Lucy Cavendish establishes The Beatriz Yeron Prize for Academic Achievement in Human, Social and Political Sciences
The prize, launching this year, is possible thanks to the generosity of Lucy alumna Michelle Wood.
Head of People at birdie, Michelle Wood, discusses her time at Lucy and her career journey.
What did you study and how did that lead to what you're doing now?
My current career is in People & Culture. I’m currently the Head of People at birdie, a home health technology startup with a mission to reinvent care to enable older adults to age with confidence at home.
After 15 years of working across Operations and Investor Relations, I took a career break to complete an MPhil in Sociology of Reproduction. As part of my MPhil, I conducted a small-scale qualitative study of senior professional women challenging the choice between motherhood and career. One of the key themes that arose was the importance of working for a company whose culture and policies support women during and after maternity leave, and who promote gender-neutral family leave policies. My study cemented what was already becoming clear to me over the years - the places in which we work play a big role in how the rest of our lives are shaped. This inspired a passion for People & Culture, a career which affords me the privilege of creating inclusive & equitable work environments where people can thrive.
What inspired you to pursue this career?
I’m driven by the difference I can see my team making to the day-to-day lives of our employees. Whether we’re coaching our leadership team on how to resolve day-to-day people management in a kind and caring way, designing career progression frameworks that help provide clear development pathways for our teams, introducing inclusive policies or benefits (fertility leave, wellbeing leave, wellbeing budget), or just lending a friendly ear to employees who are struggling or just need someone to talk to - the People team is at the heart of how employees experience work.
My ultimate aim is to help change the future of how we work. The traditional way of working is no longer aligned with society - from demographic changes, the need for dual-income households and advancements in technology - there is a greater need for flexibility in how we work. My goal is to create spaces where output is more important than hours, people have the flexibility to work around their family or caregiving commitments, and where we not only celebrate our diverse experiences but leverage them to find unique solutions to the big problems we’re trying to solve.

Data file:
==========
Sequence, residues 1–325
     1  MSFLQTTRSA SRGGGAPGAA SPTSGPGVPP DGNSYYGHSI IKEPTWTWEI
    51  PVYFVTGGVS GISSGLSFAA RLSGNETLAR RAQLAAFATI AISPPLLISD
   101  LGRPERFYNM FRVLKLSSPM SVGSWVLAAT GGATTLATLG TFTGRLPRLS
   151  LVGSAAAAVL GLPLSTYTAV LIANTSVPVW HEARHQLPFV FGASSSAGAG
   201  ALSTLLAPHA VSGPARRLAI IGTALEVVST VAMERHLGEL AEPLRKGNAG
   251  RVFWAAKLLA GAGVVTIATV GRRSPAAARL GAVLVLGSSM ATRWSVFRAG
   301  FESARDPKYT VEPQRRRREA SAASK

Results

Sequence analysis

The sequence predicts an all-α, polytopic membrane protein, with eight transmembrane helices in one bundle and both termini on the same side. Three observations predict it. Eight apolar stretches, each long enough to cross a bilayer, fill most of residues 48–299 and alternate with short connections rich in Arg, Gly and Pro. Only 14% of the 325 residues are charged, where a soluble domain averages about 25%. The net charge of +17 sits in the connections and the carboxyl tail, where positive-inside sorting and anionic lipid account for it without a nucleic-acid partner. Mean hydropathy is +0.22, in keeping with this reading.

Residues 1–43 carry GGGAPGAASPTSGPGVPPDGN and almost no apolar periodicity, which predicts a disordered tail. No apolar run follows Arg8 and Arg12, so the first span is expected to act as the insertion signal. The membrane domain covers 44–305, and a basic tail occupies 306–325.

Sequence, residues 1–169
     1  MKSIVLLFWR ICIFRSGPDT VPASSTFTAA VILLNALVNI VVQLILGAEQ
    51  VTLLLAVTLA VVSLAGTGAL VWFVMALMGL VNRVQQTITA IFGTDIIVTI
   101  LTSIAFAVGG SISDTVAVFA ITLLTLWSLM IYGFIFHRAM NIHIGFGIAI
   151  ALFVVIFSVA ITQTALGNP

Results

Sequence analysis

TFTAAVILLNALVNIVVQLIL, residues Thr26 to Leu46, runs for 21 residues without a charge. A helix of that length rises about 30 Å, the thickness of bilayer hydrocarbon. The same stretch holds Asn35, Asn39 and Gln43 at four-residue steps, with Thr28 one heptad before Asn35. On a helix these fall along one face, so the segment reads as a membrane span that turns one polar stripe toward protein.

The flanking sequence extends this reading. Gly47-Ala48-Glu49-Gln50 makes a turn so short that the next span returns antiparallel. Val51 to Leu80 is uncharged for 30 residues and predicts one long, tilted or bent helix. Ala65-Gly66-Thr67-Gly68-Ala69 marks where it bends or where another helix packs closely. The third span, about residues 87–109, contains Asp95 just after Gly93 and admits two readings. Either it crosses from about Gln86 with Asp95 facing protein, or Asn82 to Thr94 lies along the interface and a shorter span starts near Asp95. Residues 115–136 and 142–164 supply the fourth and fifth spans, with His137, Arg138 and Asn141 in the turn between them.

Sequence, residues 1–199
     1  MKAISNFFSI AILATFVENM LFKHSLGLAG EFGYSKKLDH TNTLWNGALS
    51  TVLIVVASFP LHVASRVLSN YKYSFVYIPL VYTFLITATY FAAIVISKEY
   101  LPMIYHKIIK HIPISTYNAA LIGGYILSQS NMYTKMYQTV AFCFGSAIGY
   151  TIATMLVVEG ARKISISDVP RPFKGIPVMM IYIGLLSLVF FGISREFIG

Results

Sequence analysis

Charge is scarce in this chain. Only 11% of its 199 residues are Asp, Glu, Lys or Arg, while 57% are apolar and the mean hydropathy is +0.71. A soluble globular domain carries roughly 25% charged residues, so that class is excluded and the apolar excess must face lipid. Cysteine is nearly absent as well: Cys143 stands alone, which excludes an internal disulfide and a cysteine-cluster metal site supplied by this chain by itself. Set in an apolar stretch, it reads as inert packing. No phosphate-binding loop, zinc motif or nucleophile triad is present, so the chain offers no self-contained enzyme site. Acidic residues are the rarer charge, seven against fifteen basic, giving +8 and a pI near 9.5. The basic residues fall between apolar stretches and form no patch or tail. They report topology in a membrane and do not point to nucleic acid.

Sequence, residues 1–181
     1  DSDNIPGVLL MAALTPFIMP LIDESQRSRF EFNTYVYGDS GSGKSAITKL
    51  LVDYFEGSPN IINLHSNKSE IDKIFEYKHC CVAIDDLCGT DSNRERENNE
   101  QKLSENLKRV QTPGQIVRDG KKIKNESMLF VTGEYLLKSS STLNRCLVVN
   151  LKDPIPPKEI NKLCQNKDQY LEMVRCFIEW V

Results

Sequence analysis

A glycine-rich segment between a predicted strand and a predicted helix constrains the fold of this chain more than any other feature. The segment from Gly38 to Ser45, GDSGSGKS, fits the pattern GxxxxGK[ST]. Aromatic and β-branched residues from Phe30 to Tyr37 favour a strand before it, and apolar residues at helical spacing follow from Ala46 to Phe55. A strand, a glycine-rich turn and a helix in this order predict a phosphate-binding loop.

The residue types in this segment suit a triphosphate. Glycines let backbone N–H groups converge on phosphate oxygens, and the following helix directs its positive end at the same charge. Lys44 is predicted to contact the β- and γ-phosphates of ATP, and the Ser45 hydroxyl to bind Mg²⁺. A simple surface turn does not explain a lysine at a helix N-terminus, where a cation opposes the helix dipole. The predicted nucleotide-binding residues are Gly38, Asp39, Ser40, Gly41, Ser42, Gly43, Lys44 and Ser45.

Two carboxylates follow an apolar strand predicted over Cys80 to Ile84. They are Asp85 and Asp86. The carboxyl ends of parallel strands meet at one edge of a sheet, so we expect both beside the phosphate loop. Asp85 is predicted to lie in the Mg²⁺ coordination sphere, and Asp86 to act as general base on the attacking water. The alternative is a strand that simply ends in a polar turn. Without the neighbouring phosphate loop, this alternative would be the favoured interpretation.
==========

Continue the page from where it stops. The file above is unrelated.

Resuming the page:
Could you please tell us about the start-up?
The birdie platform equips care businesses of all sizes with the digital tools they need to manage, grow and succeed in delivering outstanding care for older adults, now and in the future.
Why did you choose to study at Lucy Cavendish College?
I didn’t actually choose Lucy - Lucy chose me! I left the college selection on my application open as I thought that the right college would find me. And it did. I can’t imagine having had a better experience than what I had at Lucy. The progressive community at Lucy was exactly the right environment for me to thrive, and I love the spirit of inclusion and belonging that runs through the college. I was in the last cohort to be women-only, and although I had my reservations about opening admission to everyone, I’m delighted to see that Lucy’s raison d’etre - providing a space for people from non-traditional and underrepresented backgrounds - is still alive and kicking. From the friends I made, to the wonderfully warm librarian team (Hi Amanda!), there’s really nothing I didn’t enjoy about my time at Lucy. Years later, I’m still friends with some of my fellow Lucians and regularly attend alumni events, which is a testament in itself to how much the college has meant to me.